Brighton Fringe 2010
Three vignettes told by characters modelled on real-life figures from Brighton’s history
The show opened with an old gramophone recording of ‘Oh I Do Like To Be Beside The Seaside’ and showed images of Brighton’s past projected onto a large screen. Following a brief introduction, the first of three 15 -minute monologues began with a blind busker telling the tale of an episode in his life. This was followed by a short slideshow of ‘Blind Harry’ – the character’s real-life counterpart.
The second act featured the story of a Victorian mistress who was incarcerated for crimes which were revealed throughout the course of the monologue, again followed by slides, this time showing newspaper and court reports of her real-life case.
The third part tells the story of an African bookie working at Brighton racecourse in the 1930’s and 40’s, again ending with images of the character the piece was based on.
The set was suitably sparse allowing the focus to remain on the actors, and the well paced large –screen slide show brought the images evocatively to life. There was a minor technical hiccup with the projector during the second act, but the performer dealt with it in a professional manner and the flow of the piece was not interrupted.
The plays were all written by Ella Hickson and displayed a variety of styles from pathos and high drama to comedy, which enabled the show to build as the first tale was gentle, the second harrowing and the third bitter-sweet. The third was by far the most accomplished piece of the three in terms of writing.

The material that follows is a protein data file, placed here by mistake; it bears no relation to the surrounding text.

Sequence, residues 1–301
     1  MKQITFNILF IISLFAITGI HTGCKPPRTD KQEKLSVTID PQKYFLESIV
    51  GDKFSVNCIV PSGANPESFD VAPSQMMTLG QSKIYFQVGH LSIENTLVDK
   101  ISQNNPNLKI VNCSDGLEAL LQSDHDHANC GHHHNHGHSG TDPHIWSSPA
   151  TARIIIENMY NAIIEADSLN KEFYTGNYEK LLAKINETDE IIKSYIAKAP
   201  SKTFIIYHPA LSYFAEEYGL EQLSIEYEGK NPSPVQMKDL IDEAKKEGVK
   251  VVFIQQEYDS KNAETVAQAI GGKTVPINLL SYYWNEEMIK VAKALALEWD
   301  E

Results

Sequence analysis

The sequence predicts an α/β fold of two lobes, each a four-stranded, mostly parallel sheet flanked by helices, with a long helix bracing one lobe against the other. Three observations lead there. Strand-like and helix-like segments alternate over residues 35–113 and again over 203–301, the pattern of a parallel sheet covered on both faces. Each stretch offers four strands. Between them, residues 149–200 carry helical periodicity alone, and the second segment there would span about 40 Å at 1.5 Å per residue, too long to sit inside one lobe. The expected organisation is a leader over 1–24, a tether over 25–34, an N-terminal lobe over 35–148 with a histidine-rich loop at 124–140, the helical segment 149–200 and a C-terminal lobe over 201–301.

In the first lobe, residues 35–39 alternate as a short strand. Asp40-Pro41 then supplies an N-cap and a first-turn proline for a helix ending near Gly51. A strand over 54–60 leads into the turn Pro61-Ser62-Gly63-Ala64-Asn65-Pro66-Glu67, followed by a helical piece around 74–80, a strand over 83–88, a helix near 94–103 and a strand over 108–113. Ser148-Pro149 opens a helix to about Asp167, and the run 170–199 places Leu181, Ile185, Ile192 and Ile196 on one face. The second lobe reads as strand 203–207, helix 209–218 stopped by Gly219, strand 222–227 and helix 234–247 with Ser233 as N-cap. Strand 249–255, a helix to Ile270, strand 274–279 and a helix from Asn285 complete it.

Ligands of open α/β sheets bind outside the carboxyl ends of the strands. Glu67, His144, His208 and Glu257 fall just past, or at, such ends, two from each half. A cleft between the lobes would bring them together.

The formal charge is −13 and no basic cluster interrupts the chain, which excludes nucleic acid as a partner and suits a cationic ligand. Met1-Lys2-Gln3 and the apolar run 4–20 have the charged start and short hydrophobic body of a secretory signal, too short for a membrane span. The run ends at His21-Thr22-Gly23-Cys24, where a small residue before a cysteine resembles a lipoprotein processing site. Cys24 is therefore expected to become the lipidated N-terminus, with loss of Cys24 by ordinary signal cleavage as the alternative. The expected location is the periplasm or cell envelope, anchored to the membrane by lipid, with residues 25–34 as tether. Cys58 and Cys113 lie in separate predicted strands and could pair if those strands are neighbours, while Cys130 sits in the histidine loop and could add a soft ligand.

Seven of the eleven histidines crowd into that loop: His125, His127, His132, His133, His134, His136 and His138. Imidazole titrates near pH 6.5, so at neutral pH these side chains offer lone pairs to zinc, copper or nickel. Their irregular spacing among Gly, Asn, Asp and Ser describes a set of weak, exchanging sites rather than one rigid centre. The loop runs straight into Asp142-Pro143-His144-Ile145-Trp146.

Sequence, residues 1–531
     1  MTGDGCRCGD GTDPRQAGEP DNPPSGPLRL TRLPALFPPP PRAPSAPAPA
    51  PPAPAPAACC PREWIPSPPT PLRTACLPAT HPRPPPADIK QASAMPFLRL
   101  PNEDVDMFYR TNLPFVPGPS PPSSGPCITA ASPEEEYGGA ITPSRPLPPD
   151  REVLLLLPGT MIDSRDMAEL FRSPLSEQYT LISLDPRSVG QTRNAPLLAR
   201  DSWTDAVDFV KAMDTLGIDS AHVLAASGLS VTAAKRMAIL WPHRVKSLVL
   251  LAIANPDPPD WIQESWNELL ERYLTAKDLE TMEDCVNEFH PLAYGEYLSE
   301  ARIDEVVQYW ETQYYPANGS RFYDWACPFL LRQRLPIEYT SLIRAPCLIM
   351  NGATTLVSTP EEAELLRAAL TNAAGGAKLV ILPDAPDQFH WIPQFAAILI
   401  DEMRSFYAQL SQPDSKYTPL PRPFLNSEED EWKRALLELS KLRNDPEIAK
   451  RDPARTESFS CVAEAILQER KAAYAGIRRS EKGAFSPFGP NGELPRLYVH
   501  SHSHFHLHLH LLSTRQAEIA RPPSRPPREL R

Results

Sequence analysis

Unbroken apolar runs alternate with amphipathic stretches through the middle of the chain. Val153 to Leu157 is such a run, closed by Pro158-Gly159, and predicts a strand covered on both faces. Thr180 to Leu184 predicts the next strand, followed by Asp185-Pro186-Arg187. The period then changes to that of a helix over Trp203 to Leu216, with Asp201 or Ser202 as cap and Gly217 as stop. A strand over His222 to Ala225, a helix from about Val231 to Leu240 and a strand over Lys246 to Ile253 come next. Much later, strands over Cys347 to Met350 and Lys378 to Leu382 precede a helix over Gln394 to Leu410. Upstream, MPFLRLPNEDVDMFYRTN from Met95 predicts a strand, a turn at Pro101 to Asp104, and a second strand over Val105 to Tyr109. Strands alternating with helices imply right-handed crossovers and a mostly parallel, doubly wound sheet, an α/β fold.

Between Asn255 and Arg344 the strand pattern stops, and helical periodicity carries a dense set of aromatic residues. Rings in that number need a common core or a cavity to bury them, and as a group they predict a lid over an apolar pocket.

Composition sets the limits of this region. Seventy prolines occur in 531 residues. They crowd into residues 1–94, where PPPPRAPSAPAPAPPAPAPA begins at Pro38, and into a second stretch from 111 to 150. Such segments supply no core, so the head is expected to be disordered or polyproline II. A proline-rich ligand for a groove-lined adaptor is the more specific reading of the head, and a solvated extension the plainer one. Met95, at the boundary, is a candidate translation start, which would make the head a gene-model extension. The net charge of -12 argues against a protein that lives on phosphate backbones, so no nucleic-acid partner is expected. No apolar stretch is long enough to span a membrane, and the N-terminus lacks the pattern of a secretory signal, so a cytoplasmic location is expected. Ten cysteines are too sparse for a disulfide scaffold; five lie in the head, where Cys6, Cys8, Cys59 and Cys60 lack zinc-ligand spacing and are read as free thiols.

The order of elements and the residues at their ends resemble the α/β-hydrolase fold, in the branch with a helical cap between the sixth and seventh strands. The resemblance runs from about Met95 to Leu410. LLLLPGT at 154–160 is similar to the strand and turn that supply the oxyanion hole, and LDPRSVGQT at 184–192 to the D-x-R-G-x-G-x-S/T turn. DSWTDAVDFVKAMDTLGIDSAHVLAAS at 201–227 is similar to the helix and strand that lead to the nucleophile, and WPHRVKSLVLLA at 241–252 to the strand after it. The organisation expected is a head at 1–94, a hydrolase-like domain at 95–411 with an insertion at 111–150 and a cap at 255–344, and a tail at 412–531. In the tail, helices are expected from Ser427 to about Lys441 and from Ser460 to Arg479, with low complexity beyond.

The quality of acting varied, improving as the play progressed. The first actor seemed a little young or inexperienced for his role but nevertheless did a fair job. The second performed in a style evocative of Victorian melodrama as befitted the piece and built up tension, skilfully drawing us into her tale.
The third act provided comedy with a twist. The quality of acting was excellent, with the actor creating warmth and empathy with real style and showmanship as befitted the character he was playing, and he also brought an easy physicality to his role. This character was very entertaining and watchable, and clearly left the audience wanting more with his memorable catch phrase ‘I gotta horse!’
In all three acts the mention of Brighton locations added to the sense of time and place, allowing those in the audience who knew Brighton to mentally conjure up the scenes that were described.
This was an enjoyable show that offered a nostalgic and fascinating insight into Brighton’s past and its larger than life characters.